Orderbook is a decentralized marketplace where users can operate with many different cryptocurrencies. It has an appropriate level of security.

All funds that user deposits to Orderbook website are actually being sent to user's Proxy Contract. For better understanding why it's called Proxy and why we don't use simple Ethereum address, let's see into a matter.

There are three actors:

  1. User Address is a simple Ethereum address. It is assigned to a user after registration. The private key for this address is generated from user's password and is stored on the server in a special encrypted container. It is decrypted on the client side with a user password. After registration, the user receives a backup container with the private key of this address.
  2. User Contract is a smart contract in the Ethereum blockchain that contains a set of operations that user can do with their funds. User Contracts are deployed by Orderbook and assigned to users by giving contract ownership to User Address. Every time user wants to perform an operation with their tokens, User Contract requires two signatures: User Address' signature and Ordebook's signature. This is done for security reasons: Orderbook only signs transactions initiated by the user during an open client session. Therefore, if only the private key is stolen, funds can't be transferred.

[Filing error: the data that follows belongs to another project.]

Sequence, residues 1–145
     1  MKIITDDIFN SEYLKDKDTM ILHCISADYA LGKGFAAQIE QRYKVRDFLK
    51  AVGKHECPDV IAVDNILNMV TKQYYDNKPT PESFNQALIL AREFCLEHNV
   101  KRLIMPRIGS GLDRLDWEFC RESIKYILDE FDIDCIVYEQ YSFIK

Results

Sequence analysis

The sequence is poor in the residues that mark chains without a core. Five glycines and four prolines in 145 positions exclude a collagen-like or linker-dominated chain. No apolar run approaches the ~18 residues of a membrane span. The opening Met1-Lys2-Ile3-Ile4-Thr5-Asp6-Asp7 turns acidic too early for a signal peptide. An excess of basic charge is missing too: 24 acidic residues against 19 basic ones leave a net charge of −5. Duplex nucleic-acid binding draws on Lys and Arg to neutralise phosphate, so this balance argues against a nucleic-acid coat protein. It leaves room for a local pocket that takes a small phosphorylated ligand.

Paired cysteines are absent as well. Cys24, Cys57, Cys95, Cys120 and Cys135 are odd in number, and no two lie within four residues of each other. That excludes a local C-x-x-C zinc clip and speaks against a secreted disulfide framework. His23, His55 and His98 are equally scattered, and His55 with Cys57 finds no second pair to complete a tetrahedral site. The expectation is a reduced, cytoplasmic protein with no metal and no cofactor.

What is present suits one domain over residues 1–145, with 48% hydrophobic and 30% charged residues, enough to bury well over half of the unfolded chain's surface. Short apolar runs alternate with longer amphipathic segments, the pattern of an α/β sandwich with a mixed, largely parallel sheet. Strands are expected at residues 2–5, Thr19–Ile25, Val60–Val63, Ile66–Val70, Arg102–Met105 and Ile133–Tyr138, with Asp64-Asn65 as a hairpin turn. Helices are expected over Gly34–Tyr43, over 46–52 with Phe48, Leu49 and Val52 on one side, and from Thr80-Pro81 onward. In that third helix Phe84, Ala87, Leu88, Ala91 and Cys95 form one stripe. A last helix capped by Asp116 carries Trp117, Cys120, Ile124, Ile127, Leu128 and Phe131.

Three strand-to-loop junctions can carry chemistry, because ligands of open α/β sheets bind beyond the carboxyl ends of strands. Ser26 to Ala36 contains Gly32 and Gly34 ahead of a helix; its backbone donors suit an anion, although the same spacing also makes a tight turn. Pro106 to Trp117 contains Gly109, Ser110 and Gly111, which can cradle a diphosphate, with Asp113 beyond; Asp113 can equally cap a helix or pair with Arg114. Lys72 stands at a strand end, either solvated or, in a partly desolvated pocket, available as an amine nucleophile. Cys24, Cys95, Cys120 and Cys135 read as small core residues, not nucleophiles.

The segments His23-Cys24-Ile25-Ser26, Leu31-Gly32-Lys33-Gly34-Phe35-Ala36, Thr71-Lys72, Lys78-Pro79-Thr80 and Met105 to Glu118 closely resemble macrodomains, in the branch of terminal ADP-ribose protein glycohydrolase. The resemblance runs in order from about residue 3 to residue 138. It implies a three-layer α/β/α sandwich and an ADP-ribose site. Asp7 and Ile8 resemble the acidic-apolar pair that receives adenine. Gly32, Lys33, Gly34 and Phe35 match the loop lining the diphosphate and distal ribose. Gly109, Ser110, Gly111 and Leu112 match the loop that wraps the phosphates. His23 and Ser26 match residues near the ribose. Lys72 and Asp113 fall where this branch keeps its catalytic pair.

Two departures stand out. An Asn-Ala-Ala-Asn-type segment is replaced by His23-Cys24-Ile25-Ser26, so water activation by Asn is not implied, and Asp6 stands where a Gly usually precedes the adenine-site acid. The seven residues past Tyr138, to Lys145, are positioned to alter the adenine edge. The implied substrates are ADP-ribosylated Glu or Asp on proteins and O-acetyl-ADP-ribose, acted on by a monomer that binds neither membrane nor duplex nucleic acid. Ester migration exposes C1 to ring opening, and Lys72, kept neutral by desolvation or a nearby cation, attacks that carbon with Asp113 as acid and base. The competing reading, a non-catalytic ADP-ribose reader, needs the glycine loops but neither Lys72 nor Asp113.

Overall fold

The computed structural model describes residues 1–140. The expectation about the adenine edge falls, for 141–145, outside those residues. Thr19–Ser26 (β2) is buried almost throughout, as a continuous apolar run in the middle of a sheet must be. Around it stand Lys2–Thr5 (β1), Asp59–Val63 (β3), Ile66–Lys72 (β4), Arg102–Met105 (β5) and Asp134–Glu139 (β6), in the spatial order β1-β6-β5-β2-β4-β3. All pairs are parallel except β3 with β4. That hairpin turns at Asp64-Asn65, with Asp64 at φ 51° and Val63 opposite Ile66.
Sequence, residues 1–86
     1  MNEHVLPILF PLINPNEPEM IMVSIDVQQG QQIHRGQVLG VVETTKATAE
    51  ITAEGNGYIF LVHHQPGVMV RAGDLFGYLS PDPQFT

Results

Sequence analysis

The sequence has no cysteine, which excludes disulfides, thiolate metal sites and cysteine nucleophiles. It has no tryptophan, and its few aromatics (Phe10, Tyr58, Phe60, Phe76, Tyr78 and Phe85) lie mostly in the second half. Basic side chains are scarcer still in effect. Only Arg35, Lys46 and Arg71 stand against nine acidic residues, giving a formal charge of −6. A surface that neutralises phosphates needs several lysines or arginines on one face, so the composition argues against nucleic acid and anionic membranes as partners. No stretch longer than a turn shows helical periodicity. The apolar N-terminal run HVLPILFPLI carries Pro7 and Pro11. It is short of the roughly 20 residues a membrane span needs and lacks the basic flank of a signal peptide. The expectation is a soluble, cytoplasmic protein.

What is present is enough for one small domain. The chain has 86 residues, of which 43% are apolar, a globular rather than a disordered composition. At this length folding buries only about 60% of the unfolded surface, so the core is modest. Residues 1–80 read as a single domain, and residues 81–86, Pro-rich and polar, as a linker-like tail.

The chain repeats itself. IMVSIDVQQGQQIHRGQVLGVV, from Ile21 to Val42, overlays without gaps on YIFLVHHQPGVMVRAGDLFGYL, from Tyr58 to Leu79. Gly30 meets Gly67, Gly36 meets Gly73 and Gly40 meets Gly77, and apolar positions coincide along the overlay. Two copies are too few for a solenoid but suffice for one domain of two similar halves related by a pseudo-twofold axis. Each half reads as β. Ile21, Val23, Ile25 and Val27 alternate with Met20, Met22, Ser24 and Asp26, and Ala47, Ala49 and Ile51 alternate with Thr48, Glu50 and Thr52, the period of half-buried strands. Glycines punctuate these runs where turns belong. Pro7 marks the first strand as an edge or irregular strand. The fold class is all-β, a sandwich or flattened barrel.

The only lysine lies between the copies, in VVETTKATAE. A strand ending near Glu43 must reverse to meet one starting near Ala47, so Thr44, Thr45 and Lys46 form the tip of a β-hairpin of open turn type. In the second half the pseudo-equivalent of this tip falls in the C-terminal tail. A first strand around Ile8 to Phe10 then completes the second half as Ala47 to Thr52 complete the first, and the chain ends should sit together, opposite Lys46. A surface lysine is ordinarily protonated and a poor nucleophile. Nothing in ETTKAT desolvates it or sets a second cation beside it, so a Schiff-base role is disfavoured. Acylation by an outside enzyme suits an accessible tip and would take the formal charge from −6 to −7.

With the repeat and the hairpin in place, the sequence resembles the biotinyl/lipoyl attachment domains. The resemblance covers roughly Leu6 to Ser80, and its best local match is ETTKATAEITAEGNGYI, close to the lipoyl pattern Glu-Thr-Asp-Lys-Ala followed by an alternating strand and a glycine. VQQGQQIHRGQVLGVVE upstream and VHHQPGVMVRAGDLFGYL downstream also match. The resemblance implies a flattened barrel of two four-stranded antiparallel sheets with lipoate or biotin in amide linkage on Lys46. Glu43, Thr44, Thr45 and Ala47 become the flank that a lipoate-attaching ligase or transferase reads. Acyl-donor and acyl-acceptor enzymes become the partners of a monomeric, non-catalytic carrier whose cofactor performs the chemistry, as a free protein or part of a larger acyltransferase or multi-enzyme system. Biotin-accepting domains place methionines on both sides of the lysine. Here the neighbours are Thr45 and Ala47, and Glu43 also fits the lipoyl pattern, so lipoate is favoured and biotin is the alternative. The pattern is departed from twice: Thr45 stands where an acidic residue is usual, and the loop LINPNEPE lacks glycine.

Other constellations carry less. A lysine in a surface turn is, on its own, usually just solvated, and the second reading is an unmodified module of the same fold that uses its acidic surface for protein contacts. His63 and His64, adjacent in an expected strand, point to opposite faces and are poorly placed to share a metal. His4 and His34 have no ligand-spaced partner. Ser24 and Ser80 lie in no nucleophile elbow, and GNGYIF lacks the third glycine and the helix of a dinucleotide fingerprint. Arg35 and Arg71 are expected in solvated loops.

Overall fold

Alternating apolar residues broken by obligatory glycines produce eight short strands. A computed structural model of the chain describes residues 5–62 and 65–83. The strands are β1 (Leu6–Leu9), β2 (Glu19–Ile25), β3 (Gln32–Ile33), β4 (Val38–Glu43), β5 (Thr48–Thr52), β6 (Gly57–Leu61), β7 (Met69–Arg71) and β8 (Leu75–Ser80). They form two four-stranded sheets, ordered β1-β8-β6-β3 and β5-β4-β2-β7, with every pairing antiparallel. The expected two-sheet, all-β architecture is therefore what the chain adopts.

3. Proxy Contract is a smart contract of a very simple architecture. It stores funds and can do any operation written in User Contract. Proxy Contract is owned by User Contract. It means that only User Contract can do any operations with user's funds. Proxy Contract can hold ether and any ERC-20 token. As one may notice, deposit address for every token except bitcoin is the same – that is the address of Proxy Contract.

It may seem unnecessarily complicated, but it has reasons to be so. First of all, users often forget their passwords which makes decryption of their private keys impossible. This leads to inevitable loss of all tokens stored at those addresses. But with User Contract recovery is possible. Password recovery is enabled by default for each user registered on Orderbook. In terms of smart contract, this adds one more cosigning oracle to the user contract. You can read more about recovery here

To verify user's identity by phone number services of SecondFactor.io are used. When identity is verified, SecondFactor signs recovery transaction and transfers ownership of User Contract to new User Address. This way user can get a new password and, hence, a new address. Therefore, in case User Address' private key is lost, the user can create a new one and have his funds operational.

Smart contracts already deployed into Ethereum network can't be modified. To add a new functionality to User Contract, Orderbook would need to redeploy all User Contracts. That could lead to tokens loss in case tokens had been stored on user contracts. That's why Proxy Contract is needed. Its only function is to store user funds, this contract is never redeployed and is permanently linked to the user. 

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